Earlier in the month, the BSR took part in the international Being Human Festival of the Humanities. The programme, co-curated with Elena Isayev from Exeter, adopted a tripartite structure to respond to the theme of ‘Origins and Endings’ specifically through the lens of journeys.  Throughout the afternoon writers, historians, archaeologists, artists, policy-makers and those who work directly on the borders cross-cutting the routeways conversed and shared. Although not the explicit theme, there was a demonstrable interest in migration and within this a particular focus on the roles artists and participation in art projects can play in narrating and sharing what are often involuntary journeys. We were delighted to welcome two members of the Palermo-based art collective Giocherenda who told us about the games they have devised to engage the communities around them with issues surrounding migration and the individuals who are part of it. The conversations which flowed under the skilful guidance of our discussants – Stephen Milner, Derek Duncan and Charles Tripp, will continue in future events at the BSR and beyond.

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Harriet O’Neill (Assistant Director for the Humanities and Social Sciences)

Ancient tokens and their communities

For the month of October, BSR alumna Clare Rowan has been staying at the BSR to conduct fieldwork for her European Research Council funded project Token Communities in the Ancient Mediterranean. Here she tells us more about her own research on the subject, and the project’s workshop that was held here at the BSR last week.

Tokens in antiquity were monetiform objects, largely made of lead, that were created across the Mediterranean at a very local level. Tokens likely served a variety of purposes: they might aid in governmental procedures (e.g. Athens), serve as banquet tickets (e.g. Palmyra), were used in cults and festivals (e.g. in Rome), and may also have served as a sort of currency at times, particularly in bath houses.

gliti token

Lead token (20mm) from a private collection showing on one side a male head surrounded by the legend P GLITI GALLI; the other side shows a rooster carrying a wreath and palm branch. The image is a visual pun on the name of Gallus, which meant ‘rooster’ in Latin.

The find spots of tokens aid us in understanding how they were used. Their imagery reveals information about ancient identities, imagery and ancient joie de vivre. While at the BSR, I have been focusing on the tokens of Rome and Ostia, working at Ostia to look through the archives of excavations (Giornali degli Scavi) for tokens and token moulds found in the port. I have also been cataloguing the token collections in the Museo Nazionale Palazzo Massimo, the Capitoline Museums, as well as a collection that was recently acquired by the Archaeological Museum at Palestrina. This last collection consists of more than 1000 specimens, many of which are new types. By using archival and library materials to locate where token moulds (made of palombino or lunense marble) and lead casting waste are found, I have been able to begin to identify that tokens were privately manufactured across both Rome and Ostia, connecting particular types to particular buildings, and even particular tabernae.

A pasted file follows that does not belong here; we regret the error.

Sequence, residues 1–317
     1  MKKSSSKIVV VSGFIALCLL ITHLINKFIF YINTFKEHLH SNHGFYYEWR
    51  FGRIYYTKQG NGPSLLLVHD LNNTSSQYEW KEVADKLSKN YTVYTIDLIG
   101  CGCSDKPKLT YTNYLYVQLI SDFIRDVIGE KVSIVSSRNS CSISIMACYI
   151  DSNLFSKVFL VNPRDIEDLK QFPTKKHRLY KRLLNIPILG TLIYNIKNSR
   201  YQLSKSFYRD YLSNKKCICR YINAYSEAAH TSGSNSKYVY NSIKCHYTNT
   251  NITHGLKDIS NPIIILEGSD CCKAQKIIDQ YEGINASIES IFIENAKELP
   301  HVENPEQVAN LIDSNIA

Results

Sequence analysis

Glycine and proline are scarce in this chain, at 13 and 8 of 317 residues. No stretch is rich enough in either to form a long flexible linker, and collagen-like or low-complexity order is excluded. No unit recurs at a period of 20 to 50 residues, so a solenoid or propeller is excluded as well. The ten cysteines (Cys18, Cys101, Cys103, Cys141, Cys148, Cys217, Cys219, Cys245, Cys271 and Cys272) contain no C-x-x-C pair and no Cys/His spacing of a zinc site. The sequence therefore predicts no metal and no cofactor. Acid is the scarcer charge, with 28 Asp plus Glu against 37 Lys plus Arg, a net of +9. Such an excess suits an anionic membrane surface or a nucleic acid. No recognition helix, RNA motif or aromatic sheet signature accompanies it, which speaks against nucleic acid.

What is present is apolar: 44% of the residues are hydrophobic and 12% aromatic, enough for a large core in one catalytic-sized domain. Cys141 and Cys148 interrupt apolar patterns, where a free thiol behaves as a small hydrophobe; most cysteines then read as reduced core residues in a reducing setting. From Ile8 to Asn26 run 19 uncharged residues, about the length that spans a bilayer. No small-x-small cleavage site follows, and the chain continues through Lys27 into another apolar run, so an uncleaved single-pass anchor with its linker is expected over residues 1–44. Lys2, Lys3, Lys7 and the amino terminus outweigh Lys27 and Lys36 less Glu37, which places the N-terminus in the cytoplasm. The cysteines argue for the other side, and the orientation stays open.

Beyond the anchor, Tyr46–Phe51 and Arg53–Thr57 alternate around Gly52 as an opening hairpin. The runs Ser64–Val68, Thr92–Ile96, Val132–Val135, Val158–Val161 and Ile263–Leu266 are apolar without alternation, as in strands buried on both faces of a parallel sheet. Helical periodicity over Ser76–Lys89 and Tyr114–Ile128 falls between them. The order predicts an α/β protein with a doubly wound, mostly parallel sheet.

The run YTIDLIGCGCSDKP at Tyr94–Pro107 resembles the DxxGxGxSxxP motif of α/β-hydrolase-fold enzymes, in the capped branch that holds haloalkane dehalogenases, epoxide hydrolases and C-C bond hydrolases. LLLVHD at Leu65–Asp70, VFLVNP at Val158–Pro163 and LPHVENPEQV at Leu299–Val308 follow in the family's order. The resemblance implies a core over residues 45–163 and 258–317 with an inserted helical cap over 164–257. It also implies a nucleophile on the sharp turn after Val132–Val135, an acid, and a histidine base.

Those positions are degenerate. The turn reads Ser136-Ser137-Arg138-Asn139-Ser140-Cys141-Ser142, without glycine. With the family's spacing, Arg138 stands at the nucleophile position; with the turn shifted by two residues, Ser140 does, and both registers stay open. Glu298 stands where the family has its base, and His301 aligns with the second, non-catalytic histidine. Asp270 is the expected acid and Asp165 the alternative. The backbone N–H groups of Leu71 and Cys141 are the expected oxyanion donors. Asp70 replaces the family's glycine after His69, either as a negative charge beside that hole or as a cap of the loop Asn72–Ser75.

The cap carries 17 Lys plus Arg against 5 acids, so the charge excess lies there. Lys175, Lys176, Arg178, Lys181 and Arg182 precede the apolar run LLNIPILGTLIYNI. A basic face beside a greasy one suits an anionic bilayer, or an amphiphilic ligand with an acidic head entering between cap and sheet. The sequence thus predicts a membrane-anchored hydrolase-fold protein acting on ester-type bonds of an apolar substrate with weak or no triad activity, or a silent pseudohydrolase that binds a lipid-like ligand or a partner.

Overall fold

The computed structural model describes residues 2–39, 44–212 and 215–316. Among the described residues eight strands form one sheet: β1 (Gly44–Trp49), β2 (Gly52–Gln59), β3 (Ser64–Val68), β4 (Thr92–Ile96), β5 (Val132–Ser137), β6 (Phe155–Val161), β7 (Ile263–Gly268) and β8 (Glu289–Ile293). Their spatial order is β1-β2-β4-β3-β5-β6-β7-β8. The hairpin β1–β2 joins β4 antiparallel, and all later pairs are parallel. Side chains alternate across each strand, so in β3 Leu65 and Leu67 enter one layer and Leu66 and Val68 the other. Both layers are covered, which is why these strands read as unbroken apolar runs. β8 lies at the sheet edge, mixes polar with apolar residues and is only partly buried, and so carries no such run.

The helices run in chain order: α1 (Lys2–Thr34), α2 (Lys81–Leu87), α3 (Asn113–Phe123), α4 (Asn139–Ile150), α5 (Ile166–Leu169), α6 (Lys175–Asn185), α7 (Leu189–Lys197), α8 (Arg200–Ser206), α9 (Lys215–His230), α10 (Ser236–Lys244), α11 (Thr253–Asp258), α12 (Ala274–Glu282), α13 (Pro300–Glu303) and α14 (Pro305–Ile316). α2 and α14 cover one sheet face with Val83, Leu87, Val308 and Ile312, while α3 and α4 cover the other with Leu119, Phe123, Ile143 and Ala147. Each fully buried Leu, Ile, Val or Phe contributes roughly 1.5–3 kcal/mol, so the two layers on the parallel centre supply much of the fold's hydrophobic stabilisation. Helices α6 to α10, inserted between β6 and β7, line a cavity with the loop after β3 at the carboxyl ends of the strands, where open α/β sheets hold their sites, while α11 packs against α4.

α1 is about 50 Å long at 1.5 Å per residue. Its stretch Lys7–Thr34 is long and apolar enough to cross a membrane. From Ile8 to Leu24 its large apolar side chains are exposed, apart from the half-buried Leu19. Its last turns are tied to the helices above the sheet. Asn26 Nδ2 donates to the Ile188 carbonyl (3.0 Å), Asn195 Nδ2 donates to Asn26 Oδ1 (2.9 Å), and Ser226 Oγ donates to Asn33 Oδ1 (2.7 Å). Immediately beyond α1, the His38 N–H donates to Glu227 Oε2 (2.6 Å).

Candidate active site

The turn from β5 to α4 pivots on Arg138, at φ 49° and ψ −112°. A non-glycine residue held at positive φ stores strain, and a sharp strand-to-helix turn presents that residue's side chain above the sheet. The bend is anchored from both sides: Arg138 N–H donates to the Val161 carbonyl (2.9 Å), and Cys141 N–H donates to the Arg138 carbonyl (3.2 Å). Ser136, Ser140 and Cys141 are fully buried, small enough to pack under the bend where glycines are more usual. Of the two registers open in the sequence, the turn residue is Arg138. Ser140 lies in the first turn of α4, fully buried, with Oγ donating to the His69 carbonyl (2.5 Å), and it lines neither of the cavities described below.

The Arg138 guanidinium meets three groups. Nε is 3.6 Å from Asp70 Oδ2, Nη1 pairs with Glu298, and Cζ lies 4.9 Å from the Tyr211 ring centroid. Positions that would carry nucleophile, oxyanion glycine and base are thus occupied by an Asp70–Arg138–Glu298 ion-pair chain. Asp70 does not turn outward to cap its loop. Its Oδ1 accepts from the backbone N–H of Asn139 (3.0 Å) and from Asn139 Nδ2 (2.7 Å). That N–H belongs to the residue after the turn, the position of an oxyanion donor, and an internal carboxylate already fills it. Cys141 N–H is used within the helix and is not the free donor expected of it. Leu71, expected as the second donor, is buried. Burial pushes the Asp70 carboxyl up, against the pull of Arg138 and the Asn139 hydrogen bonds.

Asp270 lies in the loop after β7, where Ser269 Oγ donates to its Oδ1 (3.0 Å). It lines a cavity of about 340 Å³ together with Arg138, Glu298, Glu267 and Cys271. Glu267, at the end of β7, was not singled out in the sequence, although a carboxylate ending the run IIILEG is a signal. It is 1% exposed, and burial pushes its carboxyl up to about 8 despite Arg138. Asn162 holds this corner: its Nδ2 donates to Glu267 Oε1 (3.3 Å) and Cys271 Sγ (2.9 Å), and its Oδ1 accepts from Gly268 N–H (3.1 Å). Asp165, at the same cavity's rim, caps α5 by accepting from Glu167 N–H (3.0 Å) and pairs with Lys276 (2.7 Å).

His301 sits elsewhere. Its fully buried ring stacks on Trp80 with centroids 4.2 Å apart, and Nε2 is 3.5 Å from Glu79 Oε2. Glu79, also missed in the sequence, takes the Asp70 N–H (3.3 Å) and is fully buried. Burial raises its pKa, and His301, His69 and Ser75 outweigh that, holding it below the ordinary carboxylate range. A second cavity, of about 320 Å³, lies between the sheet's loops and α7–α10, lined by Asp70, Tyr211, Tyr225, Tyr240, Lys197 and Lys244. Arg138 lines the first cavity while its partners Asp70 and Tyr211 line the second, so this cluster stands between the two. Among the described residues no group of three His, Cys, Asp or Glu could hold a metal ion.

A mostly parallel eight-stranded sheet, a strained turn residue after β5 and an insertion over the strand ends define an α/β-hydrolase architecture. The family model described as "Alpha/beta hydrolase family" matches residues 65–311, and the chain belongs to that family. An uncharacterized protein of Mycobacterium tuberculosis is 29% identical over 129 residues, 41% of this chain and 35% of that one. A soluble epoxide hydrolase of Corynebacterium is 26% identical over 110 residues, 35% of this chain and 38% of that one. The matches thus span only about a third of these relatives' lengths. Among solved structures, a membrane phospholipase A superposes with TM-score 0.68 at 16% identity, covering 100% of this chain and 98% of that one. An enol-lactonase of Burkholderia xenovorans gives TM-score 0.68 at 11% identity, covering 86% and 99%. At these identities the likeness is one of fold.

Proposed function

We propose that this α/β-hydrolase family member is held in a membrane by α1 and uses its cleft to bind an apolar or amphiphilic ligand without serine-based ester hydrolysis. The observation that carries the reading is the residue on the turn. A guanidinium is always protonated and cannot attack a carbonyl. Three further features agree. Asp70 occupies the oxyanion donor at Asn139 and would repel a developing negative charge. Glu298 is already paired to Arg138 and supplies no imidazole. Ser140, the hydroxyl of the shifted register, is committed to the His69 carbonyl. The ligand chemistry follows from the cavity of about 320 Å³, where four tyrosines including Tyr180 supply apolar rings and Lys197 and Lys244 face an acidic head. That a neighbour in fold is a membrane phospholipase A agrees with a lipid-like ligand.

lighthouse token

Lead token (22mm) from a private collection showing the lighthouse of Portus on one side and the legend ANT on the other.

A workshop was also held at the BSR on the 18 and 19 October, Tokens, Value and Identity, Exploring Monetiform Objects in Antiquity and the Middle Ages, organised by a postdoctoral fellow in the project, Antonino Crisà. Scholars from around the world came to discuss tokens from different collections and excavations across the Mediterranean.

palombino token mould harvard

Half of a palombino marble mould for casting circular tokens showing Fortuna holding a rudder and cornucopiae. Harvard Art Museums/Arthur M. Sackler Museum, Transfer from the Alice Corinne McDaniel Collection, Department of the Classics, Harvard University, 2008.118

The workshop underlined the idea that tokens were made very locally, often unique to a particular city – the method of using marble moulds to cast tokens, for example, appears to be found only in Rome and its port. The exchanges among the scholars who attended continued to contribute to the development of a methodology to study these objects, which have not seen serious attention since Rostovtzeff in the 19th century. If you are interested in seeing and learning more about these objects, you can find the blog entries of the team members here: https://blogs.warwick.ac.uk/numismatics/tag/token/

tokens workshop bsr

Speakers at the Tokens, Value and Identity Conference

Clare Rowan (Associate Professor, University of Warwick and former BSR-Macquarie Gale Rome Scholar)